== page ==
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date: 20 January 2020

Périchole, Lalocked

  • Andrew Lamb


Opéra bouffe in two acts by Jacques Offenbach to a libretto by Henri Meilhac and Ludovic Halévy after Prosper Mérimée ’s comedy Le carrosse du Saint-Sacrement; Paris, Théâtre des Variétés, 6 October 1868 (revised in three acts, 25 April 1874).

First performed (in both 1868 and 1874) with Hortense Schneider as La Périchole, José Dupuis as Piquillo and Grenier as the Viceroy, La Périchole is in Offenbach’s most charming, rather than satirical, vein and is one of his richest and most delightful works.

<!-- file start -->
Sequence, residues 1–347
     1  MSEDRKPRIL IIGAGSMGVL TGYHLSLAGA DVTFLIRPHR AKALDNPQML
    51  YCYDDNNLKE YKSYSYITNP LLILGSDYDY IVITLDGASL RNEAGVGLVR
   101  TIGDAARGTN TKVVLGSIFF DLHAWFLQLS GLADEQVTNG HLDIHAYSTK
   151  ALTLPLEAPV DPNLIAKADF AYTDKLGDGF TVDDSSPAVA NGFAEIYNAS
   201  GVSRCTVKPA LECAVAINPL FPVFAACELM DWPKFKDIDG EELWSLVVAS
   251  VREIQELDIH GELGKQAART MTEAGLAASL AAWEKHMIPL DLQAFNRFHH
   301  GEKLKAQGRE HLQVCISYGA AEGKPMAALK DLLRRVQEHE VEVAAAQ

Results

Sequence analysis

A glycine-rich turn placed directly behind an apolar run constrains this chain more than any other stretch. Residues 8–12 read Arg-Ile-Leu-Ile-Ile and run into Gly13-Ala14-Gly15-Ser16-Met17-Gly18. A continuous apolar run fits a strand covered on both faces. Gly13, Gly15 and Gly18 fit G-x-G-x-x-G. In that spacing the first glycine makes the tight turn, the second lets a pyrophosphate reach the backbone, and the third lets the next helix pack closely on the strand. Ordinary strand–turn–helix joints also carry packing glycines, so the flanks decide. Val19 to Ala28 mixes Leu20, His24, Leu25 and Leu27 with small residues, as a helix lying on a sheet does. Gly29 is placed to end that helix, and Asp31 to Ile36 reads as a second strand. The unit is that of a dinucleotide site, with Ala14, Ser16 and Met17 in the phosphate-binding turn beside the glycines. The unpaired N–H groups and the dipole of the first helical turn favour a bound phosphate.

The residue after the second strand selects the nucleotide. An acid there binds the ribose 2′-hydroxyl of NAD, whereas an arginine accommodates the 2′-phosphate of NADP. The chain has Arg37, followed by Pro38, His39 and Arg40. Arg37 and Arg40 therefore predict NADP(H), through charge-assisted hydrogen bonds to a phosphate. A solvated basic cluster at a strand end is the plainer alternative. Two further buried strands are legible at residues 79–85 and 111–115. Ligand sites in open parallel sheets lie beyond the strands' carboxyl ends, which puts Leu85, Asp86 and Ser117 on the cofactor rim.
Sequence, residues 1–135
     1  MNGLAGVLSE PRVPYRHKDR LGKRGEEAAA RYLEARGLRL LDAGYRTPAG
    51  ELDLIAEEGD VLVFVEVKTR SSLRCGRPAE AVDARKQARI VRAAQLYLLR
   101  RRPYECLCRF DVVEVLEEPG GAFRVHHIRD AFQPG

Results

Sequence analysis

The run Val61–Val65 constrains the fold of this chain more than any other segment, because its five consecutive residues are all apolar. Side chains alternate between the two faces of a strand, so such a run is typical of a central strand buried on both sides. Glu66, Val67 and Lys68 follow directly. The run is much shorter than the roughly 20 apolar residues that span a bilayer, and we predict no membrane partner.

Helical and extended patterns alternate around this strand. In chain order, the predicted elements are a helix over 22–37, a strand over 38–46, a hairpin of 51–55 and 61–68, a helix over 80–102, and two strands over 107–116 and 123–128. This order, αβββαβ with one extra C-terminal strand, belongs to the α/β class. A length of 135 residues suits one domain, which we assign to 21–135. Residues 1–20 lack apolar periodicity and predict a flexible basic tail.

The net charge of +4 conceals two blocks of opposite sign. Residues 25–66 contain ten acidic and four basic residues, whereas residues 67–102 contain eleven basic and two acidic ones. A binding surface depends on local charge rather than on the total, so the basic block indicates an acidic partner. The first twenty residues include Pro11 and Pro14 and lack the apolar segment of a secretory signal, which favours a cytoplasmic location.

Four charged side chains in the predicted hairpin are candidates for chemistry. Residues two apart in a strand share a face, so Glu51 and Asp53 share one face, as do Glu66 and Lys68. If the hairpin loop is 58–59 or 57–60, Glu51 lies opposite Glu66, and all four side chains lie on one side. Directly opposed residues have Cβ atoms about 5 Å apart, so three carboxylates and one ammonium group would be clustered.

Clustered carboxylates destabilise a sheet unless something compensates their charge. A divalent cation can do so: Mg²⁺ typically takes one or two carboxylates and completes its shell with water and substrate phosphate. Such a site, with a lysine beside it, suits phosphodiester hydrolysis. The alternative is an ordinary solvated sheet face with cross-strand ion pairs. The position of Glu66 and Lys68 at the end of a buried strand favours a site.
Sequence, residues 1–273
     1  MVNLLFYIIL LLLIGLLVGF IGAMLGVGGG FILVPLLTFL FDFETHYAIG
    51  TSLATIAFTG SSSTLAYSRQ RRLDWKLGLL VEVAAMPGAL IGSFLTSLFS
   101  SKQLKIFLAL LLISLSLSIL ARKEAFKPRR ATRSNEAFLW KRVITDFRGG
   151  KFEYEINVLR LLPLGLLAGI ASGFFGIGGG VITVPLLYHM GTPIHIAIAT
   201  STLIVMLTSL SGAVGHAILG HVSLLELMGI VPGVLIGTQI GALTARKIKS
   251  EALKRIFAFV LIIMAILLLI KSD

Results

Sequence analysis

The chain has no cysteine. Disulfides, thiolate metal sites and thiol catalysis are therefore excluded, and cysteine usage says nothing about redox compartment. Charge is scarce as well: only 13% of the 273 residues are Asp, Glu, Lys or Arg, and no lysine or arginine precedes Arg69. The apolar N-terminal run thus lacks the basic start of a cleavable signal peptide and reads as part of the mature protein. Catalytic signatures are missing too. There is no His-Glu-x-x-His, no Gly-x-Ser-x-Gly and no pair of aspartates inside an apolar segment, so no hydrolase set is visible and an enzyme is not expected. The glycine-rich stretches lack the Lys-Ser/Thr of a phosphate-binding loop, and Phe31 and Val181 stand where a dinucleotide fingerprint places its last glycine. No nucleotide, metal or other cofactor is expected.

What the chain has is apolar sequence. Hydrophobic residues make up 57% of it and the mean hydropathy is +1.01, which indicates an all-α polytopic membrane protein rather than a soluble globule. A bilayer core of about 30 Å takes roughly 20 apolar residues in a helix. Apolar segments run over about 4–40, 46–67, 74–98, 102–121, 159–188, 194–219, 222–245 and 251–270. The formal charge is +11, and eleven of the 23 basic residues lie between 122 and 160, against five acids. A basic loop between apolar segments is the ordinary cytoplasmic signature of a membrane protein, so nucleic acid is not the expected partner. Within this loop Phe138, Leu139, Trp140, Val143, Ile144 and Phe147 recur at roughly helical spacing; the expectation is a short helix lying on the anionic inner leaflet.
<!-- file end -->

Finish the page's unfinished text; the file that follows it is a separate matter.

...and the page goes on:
In the main square of Lima, Peru, the crowds are celebrating the Viceroy’s birthday. The Viceroy, Don Andrès del Ribeira (baritone), is there himself – supposedly incognito (‘Sans en rien souffler à personne’), though everyone recognizes him. A pair of impoverished and hungry street-singers La Périchole (soprano) and Piquillo (tenor), sing a lively song of a Spaniard and a young Indian girl (‘Il grandira, car il est espagnol’), and the Viceroy takes a particular fancy to La Périchole. When Piquillo leaves, the Viceroy offers La Périchole a position as lady-in-waiting at the palace. Reluctant as she is to accept, hunger proves the determining factor, and in slow waltz tempo she writes a farewell love letter to Piquillo (‘O mon cher amant, je te jure’). On his return, Piquillo is driven to consider suicide. However, it is necessary for the Viceroy’s favourites to be married and, for the sake of a hot meal, Piquillo takes up an offer from the court chamberlain Comte Miguel de Panatellas (baritone) to marry the latest ‘favourite’ – not knowing that she is La Périchole. Well fed and wined, they reappear for the marriage, with La Périchole thoroughly tipsy (‘Ah, quel dîner!’) and Piquillo too drunk to realize the identity of his bride. Only in Act 2, when he and his wife are presented to the Viceroy, does he grasp the situation. He accuses La Périchole of treachery, sparking a spirited retort (‘Que veulent dire ces colères?’) and securing his own condemnation to the cell reserved for recalcitrant husbands (‘Aux maris ré, aux maris cal, aux maris ci, aux maris trants’). The Viceroy is finally persuaded to give them their freedom, though only (in Act 3 of the ...

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